After seven and half hours of partisan bickering, posturing and grandstanding, a theoretically “bipartisan” panel of state legislators recessed for the evening Wednesday without reaching agreement on the main order of business they had met to decide.
That being: how to respond to a federal prosecutor’s request that they delay calling witnesses in their investigation of Gov. Pat Quinn’s troubled anti-violence program.
Actually, they did pretty much agree but were either too pig-headed or too determined to keep the other side from gaining a political advantage to actually strike the bargain.
Both sides now say they want to defer their inquiry for the 90 days requested by James Lewis, the U.S. attorney in Springfield who is conducting a criminal investigation of the program. They also seem to agree that Lewis should be allowed to extend that delay if he’s not finished with his work, but they can’t agree on the wording.
Without going into all the details, it’s a little like debating the meaning of the word “is.”
After sitting through what was singularly one of the most excruciating and frustrating public meetings I can remember, I began to wonder: Is this what it’s like in Washington?
I mean, I don’t get out to our nation’s capitol often, but this definitely had all the earmarks of the partisan gridlock that we’re told keeps our federal government from resolving anything.
“This is embarrassing,” complained Rep. David Reis, R-Willow Heights, as the long day came to an end. “We’ve been here seven hours and haven’t asked a question.”
The Republicans would have liked to have asked lots of questions of seven former members of Quinn’s administration who were subpoenaed to testify about their involvement with the governor’s Neighborhood Recovery Initiative, in particular its hasty rollout in October 2010 just as Quinn was running for election.
The still-evolving story of misspending in the $55 million program looms as a potent campaign weapon in the November election, and Republican gubernatorial nominee Bruce Rauner has latched onto to it in an effort to discredit Quinn so that he doesn’t have to talk about his business dealings or his plans for the state. On the flipside, Democrats were only too happy to have a good excuse to keep the matter out of the headlines for a while.
But after Lewis renewed his request in writing on Tuesday that the Legislative Audit Commission’s work “would impose several substantial risks” to his investigation, there really wasn’t much maneuvering room left for Republicans who like to think of themselves as the party of law and order. They had little choice but to back down.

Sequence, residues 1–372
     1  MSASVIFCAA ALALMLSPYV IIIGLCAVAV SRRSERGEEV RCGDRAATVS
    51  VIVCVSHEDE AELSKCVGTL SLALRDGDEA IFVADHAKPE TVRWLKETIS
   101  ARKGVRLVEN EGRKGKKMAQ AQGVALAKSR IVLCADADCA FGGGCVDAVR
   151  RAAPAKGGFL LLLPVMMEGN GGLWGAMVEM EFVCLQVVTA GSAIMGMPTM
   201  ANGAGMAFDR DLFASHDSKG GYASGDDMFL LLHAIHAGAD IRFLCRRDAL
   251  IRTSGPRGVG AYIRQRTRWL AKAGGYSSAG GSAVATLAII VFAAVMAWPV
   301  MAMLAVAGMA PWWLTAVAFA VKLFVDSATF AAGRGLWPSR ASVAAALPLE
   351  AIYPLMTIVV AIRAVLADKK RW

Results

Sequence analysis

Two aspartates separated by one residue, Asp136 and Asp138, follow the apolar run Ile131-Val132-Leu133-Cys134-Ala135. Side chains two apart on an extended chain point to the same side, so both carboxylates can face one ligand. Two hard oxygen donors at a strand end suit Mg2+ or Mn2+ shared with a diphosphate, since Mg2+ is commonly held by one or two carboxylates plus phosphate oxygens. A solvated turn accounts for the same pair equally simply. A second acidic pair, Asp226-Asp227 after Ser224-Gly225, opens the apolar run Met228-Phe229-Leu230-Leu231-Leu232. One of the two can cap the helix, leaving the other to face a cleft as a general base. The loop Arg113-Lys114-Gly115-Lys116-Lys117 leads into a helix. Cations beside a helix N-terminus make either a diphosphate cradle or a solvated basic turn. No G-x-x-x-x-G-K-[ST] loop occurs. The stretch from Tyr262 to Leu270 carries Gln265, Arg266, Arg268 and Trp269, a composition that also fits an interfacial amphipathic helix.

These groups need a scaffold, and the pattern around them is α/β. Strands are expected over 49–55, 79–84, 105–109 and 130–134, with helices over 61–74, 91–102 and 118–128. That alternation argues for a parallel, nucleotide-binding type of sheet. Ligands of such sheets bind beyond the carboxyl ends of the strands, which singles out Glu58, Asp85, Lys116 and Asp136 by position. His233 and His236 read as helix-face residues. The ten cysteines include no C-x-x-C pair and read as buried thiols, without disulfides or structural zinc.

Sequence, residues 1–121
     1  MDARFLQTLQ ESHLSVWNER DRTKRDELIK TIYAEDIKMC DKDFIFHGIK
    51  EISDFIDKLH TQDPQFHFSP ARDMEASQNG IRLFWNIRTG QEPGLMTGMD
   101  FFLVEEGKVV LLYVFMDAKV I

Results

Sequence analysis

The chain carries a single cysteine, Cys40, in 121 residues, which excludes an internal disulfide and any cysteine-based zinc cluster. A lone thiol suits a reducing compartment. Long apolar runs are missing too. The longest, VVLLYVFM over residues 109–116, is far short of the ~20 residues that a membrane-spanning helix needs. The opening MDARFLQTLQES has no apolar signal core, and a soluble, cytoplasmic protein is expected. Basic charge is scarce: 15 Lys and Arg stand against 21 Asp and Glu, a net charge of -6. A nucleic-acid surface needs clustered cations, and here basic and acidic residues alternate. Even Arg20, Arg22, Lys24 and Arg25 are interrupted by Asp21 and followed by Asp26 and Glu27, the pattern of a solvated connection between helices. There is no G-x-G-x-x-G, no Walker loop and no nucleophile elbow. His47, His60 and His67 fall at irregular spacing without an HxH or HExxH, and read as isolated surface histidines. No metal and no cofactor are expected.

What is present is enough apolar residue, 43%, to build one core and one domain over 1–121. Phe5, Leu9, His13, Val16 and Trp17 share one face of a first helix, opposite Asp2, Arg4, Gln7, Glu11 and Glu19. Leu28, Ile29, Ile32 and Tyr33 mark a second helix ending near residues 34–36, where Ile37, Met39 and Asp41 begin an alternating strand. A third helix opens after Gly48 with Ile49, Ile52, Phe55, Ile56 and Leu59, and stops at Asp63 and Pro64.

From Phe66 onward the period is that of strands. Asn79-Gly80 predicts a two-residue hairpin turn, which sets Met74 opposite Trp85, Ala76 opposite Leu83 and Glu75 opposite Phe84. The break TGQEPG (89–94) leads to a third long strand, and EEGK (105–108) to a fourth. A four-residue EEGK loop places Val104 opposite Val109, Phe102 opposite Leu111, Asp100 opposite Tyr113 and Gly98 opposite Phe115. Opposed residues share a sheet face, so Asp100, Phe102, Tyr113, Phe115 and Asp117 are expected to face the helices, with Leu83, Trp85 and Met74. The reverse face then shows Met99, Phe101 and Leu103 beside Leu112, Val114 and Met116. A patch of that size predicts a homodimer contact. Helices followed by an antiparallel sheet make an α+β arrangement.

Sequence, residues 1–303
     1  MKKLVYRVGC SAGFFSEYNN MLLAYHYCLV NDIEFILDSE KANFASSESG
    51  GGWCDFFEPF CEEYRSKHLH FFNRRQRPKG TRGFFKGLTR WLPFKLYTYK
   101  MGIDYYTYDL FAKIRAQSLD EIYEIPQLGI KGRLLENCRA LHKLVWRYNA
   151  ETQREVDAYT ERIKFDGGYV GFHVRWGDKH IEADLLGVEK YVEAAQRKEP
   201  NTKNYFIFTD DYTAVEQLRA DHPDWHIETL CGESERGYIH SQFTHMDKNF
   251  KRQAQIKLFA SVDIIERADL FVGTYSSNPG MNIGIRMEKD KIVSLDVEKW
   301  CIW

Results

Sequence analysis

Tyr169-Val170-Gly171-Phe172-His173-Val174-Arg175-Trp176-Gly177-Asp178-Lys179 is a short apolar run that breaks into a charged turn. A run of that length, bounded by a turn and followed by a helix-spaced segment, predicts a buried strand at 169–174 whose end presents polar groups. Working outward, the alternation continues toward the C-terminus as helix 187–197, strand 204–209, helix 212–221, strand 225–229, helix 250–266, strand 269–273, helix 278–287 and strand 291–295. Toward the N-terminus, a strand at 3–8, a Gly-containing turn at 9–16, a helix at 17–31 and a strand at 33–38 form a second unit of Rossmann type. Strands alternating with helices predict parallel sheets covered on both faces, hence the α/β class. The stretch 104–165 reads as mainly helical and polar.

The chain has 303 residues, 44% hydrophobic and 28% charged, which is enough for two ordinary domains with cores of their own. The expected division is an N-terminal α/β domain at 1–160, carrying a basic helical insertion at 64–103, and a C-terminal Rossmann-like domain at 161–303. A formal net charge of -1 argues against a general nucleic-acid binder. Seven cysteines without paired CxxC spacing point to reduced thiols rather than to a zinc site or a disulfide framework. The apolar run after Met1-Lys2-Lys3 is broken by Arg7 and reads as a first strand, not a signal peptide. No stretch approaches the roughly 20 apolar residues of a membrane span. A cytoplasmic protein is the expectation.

As I wrote previously, I think they would have been well within their rights to press forward, as there is a legitimate need for a public airing of this issue before the election. I also believe federal prosecutors tend to exaggerate the potential risks to their investigation, or at least fail to balance it with other legitimate interests. But I’m in the minority.
For those who are accustomed to all the substantial investigations of political corruption in Illinois coming out of Chicago, not Springfield, it should be noted that has changed in recent years with Lewis rolling out several aggressive prosecutions involving misuse of state grant monies. In other words, he’s a serious prosecutor, and this is a serious investigation.
Of the seven people subpoenaed to testify, only one showed up — former Chicago alderman Billy Ocasio, who became an adviser to Quinn. Five others sent lawyers in their place, and a lawyer for the seventh sent her apologies.
Ocasio was rewarded for his forthrightness by being held hostage all day as Republicans threatened to begin questioning him if they couldn’t get an agreement from Democrats on what should happen after the 90-day delay. I never could square that with their stated determination not to interfere with the investigation. Toward the end of the day, Ocasio finally just gave up and walked out.
None of the witnesses agreed to testify at this time, and by not showing up, they were all saved the embarrassment of possibly having to plead the 5th Amendment, which their lawyers insisted is not their intent. All sent word they are willing to testify, but not at this time in light of the U.S. attorney’s request.
Commission co-chairmen Rep. Frank Mautino, D-Spring Valley, and Sen. Jason Barickman, R-Bloomington, finally agreed to call Lewis together this morning to clarify how they might handle the potential of scheduling another hearing at the end of the requested grace period in October, which would fall one month before the election.
Do you think it would be too much to ask to put him on a speakerphone, so we can all listen in?